I have recently seen two ‘jokes’ related to marriage and cheating. One went like a man can cheat on his wife with several women and the woman can endure. But all it takes for the woman to totally destroy the man is cheat on him with just one man.
Last week Lovine Mboya talked about the indelicate topic of ethical non-monogamy as a cure to chronic adultery that plagues marriages. Living in Nairobi has ‘taught us’ things. A friend recently joked that there are husbands who get less sex than their wife’s boyfriend. Happens.
One of the articles that shook Kenyans appeared in the Saturday Nation’s Saturday Magazine sometime in 2005. It was about a wife-swapping club in one of the suburbs of Nairobi. Our Christian and Muslim country recoiled at such a thought of debauchery. The article outlined that couples meet, they do the regular testing for HIV and all, then men place car keys a basket and the key a woman picks determines the man she will sleep with.
It is fairly common in European cities, but still not acceptable. I don’t remember if the story was ever verified, but it can happen. I have met men who freely shared women and women, both educated, and often ignorant, don’t seem to mind sleeping with two men who are friends or related. Would love to hear from a woman, why they do that. For men, it is mostly greed and bad manners.
Even so, there are those who prefer exclusive relationships. They can only date one individual at a time.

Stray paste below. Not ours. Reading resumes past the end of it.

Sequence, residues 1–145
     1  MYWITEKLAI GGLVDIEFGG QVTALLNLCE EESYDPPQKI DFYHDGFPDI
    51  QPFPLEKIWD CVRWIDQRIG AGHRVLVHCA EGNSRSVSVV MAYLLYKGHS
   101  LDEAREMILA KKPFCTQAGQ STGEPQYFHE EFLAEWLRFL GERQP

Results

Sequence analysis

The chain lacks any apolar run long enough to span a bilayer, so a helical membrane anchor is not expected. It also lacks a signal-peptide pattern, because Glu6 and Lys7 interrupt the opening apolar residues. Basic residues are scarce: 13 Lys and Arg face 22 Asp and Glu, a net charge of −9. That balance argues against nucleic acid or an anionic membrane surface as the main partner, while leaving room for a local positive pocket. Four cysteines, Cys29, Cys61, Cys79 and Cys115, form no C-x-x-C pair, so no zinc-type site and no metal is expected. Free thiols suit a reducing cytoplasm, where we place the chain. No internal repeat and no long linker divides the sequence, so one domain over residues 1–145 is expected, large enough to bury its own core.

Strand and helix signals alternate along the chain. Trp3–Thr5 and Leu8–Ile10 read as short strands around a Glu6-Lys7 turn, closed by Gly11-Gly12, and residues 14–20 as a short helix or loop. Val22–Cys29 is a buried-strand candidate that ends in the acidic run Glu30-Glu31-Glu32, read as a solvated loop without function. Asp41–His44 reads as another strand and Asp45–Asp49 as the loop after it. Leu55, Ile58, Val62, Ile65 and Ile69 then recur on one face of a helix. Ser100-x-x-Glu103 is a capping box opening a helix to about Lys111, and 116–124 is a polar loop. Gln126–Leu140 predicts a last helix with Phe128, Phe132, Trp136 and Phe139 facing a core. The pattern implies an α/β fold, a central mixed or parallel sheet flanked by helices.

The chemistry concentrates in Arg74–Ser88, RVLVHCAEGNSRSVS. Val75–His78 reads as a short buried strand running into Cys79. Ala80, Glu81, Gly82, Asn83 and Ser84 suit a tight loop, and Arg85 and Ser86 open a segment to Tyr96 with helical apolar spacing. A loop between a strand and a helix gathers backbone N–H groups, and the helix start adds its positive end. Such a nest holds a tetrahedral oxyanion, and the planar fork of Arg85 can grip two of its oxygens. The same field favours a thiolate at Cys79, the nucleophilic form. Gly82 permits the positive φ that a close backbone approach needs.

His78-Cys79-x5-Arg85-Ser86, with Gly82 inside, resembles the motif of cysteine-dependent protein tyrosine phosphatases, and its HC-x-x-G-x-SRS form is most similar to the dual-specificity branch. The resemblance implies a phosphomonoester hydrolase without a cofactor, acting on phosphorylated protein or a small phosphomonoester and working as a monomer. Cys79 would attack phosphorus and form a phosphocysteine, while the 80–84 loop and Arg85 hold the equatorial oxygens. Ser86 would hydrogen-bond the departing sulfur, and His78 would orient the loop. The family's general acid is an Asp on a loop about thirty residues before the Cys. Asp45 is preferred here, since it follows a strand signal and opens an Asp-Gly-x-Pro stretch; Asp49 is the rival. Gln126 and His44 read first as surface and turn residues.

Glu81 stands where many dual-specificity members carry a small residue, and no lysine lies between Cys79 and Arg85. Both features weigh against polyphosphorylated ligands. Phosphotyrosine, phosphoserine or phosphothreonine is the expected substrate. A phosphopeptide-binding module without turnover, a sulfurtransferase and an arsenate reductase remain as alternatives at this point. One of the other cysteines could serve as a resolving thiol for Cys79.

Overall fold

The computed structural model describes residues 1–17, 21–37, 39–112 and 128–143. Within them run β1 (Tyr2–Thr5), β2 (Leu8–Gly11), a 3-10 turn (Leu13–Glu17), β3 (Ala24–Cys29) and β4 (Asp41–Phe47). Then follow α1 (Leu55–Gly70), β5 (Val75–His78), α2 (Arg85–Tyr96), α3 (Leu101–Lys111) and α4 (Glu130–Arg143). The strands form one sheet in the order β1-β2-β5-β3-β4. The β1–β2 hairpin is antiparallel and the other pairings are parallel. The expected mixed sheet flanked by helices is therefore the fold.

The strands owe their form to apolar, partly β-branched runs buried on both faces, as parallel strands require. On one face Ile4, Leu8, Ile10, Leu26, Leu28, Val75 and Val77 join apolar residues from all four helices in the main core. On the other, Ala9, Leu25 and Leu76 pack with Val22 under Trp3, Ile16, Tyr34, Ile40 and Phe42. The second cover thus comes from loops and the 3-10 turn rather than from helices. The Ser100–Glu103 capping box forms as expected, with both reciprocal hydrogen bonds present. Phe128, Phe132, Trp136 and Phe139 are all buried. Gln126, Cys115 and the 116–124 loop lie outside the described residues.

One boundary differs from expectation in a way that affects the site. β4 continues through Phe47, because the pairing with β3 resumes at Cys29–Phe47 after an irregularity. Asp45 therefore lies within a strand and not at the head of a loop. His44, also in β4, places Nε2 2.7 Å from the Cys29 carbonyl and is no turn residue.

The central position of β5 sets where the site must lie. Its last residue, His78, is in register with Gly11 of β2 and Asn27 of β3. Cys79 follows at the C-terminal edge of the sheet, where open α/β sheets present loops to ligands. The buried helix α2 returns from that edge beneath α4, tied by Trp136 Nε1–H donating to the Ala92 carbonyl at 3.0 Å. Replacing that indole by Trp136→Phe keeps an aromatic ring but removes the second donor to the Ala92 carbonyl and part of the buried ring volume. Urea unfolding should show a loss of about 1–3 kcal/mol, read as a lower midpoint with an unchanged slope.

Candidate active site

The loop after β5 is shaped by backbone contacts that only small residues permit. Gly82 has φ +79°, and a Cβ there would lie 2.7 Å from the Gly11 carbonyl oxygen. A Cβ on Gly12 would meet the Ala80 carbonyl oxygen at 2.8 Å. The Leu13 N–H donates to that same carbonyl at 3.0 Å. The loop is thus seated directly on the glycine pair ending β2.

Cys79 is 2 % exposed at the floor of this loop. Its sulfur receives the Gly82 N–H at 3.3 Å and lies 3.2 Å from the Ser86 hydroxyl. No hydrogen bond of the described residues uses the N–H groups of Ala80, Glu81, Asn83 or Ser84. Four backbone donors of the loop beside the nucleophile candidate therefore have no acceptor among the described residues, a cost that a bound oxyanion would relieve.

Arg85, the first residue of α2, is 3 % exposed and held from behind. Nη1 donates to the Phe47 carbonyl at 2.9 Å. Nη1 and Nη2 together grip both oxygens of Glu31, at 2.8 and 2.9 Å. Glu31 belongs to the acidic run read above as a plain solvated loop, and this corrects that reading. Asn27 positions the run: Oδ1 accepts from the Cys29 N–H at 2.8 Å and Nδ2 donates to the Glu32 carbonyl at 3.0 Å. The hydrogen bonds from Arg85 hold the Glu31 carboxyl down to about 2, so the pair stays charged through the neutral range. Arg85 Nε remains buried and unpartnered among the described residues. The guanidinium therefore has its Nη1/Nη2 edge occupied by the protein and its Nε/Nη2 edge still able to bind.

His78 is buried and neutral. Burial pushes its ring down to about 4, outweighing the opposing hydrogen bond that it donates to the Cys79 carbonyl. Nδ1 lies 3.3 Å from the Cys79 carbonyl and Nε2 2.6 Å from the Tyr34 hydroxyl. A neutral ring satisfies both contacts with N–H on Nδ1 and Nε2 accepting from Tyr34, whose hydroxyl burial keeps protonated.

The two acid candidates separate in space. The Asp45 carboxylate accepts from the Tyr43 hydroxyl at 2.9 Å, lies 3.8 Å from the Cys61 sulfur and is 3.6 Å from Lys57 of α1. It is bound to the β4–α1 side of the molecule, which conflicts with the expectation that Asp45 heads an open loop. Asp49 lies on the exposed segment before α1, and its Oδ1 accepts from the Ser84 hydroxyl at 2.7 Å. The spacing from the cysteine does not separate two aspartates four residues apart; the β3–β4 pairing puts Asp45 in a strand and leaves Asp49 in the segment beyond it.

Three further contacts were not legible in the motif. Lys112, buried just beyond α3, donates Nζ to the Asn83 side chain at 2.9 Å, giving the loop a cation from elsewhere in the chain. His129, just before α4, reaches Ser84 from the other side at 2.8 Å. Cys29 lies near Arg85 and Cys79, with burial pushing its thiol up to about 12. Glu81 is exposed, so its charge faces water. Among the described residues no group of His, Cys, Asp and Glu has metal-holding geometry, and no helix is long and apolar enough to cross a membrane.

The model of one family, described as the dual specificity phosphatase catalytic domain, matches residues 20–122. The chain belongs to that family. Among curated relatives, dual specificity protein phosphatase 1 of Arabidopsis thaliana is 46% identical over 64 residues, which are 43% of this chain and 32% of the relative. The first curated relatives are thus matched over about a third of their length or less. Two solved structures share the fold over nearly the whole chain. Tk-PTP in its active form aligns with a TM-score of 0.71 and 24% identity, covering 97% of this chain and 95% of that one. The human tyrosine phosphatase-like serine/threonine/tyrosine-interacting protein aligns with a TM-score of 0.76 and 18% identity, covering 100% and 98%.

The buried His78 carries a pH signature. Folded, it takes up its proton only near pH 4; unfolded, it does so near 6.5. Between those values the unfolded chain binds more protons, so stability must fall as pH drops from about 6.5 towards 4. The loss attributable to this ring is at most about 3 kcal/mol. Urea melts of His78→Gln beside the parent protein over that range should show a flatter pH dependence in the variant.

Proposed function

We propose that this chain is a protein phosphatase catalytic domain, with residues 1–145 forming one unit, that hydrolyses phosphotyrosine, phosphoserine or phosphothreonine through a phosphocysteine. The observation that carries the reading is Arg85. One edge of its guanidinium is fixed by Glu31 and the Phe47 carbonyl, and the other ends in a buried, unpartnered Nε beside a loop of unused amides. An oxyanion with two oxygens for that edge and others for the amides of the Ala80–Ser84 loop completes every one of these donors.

But there is another idea, that was probably practiced in the African past, and has been fairly common in European intellectual circles. It is the idea of an open relationship. Like you are married to someone but you allow each other to have sex outside. Simone de Beauvoir, the French existential philosopher had an open relationship with Jean-Paul Sartre, a fellow philosopher. She had many lovers, and Satre was cool. Writer, Paul Bowles had an open relationship with his wife, Jane, but both were gay, and the marriage was more of a cover or convenient arrangement.
I know many guys here with advanced views and who don’t see sex as a deal-breaker, as some of us.
In her latest article, see link in the comment section, Lovine Mboya tries to explain what ethical non-monogamy means, for those who read her last week’s piece wrong.
By Silas Nyanchwani via Facebook